If It’s Too Good To Be True: Beware of Scams
Bitcoin’s greatest advantage is giving the user complete control over their funds.
Your bitcoin is controlled only by you, not a bank, a credit card company or any other intermediary.
However, these most beneficial features may also pose a threat to inexperienced users. Bitcoin transactions are irreversible and permanent, there are no charge back’s and no intermediary to turn back time, or absorb losses associated with theft or fraud.
Consequently, users must exercise caution and only transact securely, with trusted parties.
Unfortunately, bad guys haven’t gone away in 2018, and they have taken advantage of these new technologies, using bitcoin as a tool to scam unsuspecting victims. If you’re new to bitcoin, be sure to take proper security precautions and always use your common sense.
Never send bitcoin or use a bitcoin ATM to buy a product or deal that seems too good to be true, it’s probably not what it seems. Always deal with a trusted party when spending your money. Always send the bitcoin from the ATM to your own wallet.
Scammers are becoming very sophisticated and will even go as far as to place online advertisements for good deals on tickets to concerts, amusement parks, and even better deals to buy cars through EBay motors. Scammers ask that you pay them in bitcoin for their “good deal”.
Many people send bitcoin, not realizing they’ve been scammed until it’s too late! Don’t fall for it.
Common types of scams include:
Scammers pose as a promotions company offering tickets to concerts or amusement parks at a significant discount when you pay with bitcoin. You send bitcoin and never receive your tickets. It’s best practice to only buy tickets from trusted parties like Ticketmaster or Live Nation directly.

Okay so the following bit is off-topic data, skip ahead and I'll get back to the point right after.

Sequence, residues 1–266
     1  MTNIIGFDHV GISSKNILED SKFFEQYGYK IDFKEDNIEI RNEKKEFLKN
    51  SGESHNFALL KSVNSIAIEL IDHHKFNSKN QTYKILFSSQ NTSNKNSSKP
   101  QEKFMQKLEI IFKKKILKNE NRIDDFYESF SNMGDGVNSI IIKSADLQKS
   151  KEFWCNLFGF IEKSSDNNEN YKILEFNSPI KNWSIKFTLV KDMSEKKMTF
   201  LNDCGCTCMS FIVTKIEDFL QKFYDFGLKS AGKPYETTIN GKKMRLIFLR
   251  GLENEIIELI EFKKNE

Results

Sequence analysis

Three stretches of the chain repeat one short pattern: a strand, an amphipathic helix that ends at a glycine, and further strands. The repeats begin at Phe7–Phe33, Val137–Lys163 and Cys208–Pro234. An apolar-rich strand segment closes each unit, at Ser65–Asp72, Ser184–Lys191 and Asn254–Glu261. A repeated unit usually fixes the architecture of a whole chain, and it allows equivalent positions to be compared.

Scammers advertise the sale of a discounted vehicle for bitcoin on Craigslist or EBay. You send bitcoin and never get the vehicle. When purchasing a vehicle from a private seller for bitcoin, it is typically best practice to kick the tires; physically meeting with a seller, test driving the vehicle, reviewing vehicle history and title information; all before sending the seller bitcoin for payment.
Users buy bitcoin and join a “coin club”, where they are promised to receive more bitcoin than they originally contributed, or very high returns. This is a new form of “Ponzi scheme” where victims are led to believe they may profit from an automated trading strategy or by signing up more and more users. Unfortunately, many users lose significantly in the collapse of these schemes — BitConnect is a popular example.
Scammers pose as legitimate Companies, including; FPL, AT&T, T- Mobile and threaten unsuspecting victims with service termination, unless they immediately settle their outstanding balance — in bitcoin. Generally, the Service Provider must follow several steps to turn-off your service, including contacting you by mail and phone. Currently, most Utility and Communications providers do not accept bitcoin as a form of payment.
That’s right, scammers have even posed as the IRS and requested victim’s pay their tax bill in bitcoin. Please be aware that the IRS does not:
- Call or Email
- Threaten immediate arrest
- Demand immediate payment using a specific payment method
- Demand payment without giving the opportunity to question or appeal
- Ask for payment information over the phone or through email
Bitstop advises customers to transact with caution and avoid Initial Coin Offerings (ICOs), Token sales, get rich crypto clubs and in general: any investment schemes or product offerings that seem ‘too good to be true’.
Always use best security practices when buying and storing your bitcoin. It’s still early in Bitcoin’s history and you should be cautious when using bitcoin to transact.